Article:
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Art Deco Cameras

Coronet Popular Twelve

Specification

Coronet Popular Twelve
Coronet Popular Twelve
Manufacturer: Coronet
Produced: 1952
Type:Solid Body
Film Size:120/620
Image Size:6 x 6 cm
Lens Type:Meniscus
Focal Length:80mm
Focus Type:fixed
Focal Range:8ft - Inf.
Aperture Type :Fixed
Apertures :f/16
Shutter Type:Fixed Speed
Shutter Speeds:I*(1/40s)
Size (w x h x d):90 x 125 x 100 mm
* Measured on this camera

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Description

The Coronet Popular Twelve is a quirky viewfinder roll-film camera made of Bakelite by Coronet in England. It is similar to the Coronet Dynamic 12 Camera. The use of Bakelite allowed the designers' imagination to run wild, resulting in a most individual camera in which the curvilinear nature of the film compartment is juxtaposed to the box nature of the lens compartment and viewfinder. The camera can use both 120 and 620 film rolls and produces twelve 6 x 6 cm exposures. It has a large brilliant viewfinder, ever-set shutter and a silent winding key. The viewfinder has a ribbed metal cover. Several versions of the camera exist. Some have a larger curved viewfinder body.

This version of the camera has only instantaneous shutter mode even though there is annotation on the front plate which shows both I and T. Other cameras in the series have the T/I switch and flash contacts. The shutter release is below the lens box and it has to be pushed up to trigger it. This is both inconvenient and uncomfortable. Film advance is by a knob on the side and exposures are counted using a red window which has a swinging metal cover. It does not have a tripod mount.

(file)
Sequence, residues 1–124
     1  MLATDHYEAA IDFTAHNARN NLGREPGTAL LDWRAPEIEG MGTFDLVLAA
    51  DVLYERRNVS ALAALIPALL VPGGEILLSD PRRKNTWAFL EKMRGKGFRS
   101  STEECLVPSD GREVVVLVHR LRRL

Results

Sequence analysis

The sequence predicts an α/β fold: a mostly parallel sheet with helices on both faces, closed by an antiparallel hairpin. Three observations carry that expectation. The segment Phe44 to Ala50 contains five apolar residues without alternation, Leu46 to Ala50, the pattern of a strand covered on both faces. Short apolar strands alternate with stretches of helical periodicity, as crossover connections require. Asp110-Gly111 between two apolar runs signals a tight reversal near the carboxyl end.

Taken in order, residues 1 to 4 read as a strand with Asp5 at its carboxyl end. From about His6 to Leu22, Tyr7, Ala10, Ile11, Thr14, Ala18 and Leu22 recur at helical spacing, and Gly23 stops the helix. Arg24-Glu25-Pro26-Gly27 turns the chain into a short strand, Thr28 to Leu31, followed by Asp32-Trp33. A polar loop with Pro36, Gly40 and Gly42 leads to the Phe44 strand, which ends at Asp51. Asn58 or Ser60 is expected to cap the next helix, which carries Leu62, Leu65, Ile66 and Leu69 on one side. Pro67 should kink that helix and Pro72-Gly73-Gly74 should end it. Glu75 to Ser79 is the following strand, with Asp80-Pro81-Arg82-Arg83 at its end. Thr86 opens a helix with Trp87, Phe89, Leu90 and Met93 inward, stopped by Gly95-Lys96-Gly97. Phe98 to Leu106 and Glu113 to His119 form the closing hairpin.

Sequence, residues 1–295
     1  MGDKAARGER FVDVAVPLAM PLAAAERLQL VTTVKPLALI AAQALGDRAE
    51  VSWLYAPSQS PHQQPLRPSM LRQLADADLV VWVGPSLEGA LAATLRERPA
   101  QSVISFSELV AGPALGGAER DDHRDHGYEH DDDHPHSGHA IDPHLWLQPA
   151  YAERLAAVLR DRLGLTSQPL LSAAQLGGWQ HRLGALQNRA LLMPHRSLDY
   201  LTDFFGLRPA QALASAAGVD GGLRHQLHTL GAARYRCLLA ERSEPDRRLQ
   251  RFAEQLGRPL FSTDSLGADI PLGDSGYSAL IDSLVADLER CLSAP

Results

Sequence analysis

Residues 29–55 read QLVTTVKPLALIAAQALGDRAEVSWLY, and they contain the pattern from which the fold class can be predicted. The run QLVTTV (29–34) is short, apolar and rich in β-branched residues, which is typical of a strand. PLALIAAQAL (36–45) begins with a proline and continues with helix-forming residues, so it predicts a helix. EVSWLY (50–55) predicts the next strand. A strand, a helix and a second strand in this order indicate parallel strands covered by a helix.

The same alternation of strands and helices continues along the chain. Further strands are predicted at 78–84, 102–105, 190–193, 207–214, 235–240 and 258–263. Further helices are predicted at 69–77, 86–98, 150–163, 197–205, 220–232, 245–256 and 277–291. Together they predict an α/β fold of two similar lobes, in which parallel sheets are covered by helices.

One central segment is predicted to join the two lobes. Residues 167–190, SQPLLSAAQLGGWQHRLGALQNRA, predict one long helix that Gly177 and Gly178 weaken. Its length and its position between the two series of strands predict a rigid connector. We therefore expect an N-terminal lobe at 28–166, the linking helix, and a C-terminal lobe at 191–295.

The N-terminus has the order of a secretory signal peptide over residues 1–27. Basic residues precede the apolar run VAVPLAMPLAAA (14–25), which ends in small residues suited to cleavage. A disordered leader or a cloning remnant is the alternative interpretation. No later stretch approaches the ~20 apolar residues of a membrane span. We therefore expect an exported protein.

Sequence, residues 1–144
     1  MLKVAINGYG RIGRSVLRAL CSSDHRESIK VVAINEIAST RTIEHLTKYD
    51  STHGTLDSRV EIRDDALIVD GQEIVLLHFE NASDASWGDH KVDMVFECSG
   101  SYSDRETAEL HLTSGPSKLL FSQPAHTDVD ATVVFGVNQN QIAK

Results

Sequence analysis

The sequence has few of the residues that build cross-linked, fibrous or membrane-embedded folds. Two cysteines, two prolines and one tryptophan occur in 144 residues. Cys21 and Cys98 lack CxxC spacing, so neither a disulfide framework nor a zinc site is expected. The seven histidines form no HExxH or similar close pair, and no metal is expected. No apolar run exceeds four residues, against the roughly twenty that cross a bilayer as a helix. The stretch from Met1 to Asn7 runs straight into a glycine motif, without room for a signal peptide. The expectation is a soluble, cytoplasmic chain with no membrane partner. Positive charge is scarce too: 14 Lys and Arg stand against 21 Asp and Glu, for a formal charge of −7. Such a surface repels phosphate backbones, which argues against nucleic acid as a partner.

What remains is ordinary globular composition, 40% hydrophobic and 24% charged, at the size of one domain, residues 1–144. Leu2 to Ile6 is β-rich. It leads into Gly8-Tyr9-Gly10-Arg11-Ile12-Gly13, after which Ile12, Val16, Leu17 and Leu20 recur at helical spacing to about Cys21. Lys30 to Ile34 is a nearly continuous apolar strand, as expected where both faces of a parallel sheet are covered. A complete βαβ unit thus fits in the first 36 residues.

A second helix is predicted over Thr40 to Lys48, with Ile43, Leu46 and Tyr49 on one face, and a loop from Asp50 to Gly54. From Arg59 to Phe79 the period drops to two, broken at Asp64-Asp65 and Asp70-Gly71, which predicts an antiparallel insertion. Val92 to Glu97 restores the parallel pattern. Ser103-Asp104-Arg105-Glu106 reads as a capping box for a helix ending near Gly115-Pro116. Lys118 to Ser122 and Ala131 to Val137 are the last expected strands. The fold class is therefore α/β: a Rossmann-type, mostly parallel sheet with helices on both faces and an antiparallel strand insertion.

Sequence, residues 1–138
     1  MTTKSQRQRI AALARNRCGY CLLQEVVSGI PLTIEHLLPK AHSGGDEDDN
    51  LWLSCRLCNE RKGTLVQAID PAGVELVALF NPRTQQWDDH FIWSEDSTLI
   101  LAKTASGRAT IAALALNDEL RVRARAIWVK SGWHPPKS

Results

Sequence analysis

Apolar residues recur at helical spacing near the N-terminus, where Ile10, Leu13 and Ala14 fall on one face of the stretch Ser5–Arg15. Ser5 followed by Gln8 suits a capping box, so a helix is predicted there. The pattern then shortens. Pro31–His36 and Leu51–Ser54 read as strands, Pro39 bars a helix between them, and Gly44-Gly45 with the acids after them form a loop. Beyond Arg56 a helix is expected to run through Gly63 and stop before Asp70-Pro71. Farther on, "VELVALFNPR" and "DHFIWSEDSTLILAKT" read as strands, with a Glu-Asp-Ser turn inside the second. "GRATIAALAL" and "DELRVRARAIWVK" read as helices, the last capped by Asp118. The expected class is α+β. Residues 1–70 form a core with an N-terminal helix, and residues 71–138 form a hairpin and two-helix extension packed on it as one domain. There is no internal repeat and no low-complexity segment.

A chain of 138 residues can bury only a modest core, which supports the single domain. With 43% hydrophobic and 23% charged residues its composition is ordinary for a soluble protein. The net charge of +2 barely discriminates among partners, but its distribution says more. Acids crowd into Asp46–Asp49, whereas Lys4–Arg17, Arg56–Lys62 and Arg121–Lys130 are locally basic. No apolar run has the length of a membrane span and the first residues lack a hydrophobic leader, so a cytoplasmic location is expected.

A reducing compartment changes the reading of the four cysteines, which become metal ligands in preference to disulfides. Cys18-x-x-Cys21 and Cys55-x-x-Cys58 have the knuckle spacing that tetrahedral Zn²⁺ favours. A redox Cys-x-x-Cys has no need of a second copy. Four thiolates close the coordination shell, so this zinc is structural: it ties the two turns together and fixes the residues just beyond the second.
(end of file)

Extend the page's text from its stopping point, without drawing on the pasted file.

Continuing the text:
How to Use

This camera takes 120 film which is easily available. It supports instant(I) mode only with a speed of about 1/40 sec. It has a single aperture settings of f/16. With a shutter speed of only 1/40 sec, make sure you brace the camera against your body or something solid and press the shutter smoothly to avoid camera shake.

If you don't want to bother with an exposure meter, follow the guide shown. It is based on the 'Sunny 16' rule. Film is so forgiving and will produce acceptable results even when over-exposed by 2 or 3 stops or under-exposed by 1 stop.

The table shown assumes the shutter speed is about 1/40s.

The table also assumes that the sun is at least 30 degrees above the horizon - that's 10am - 5pm on a summers day in the UK.

Remember that the exposure guide in the manual may not be helpful as it is based on the use of old film with a low ISO value.

So, on a nice sunny day, it's simplicity itself. Just load film and snap away.

Using ISO 100/125 film - shutter speed 1/40s

Weather ConditionsShadow DetailApertureExposure
Sunny
Snow/Sand
Dark
with sharp edges
f/16+2 Stop
Overexposed
Acceptable
SunnyDistinctf/16+1 Stop
Overexposed
Acceptable
Slight OvercastSoft around edgesf/16Good
OvercastBarely visiblef/16-1 Stop
Underexposed
Acceptable
Heavy OvercastNonef/16-2 Stops
Underexposed
Not Acceptable
Open Shade
/Sunset
Nonef/16-3 Stops
Underexposed
Not Acceptable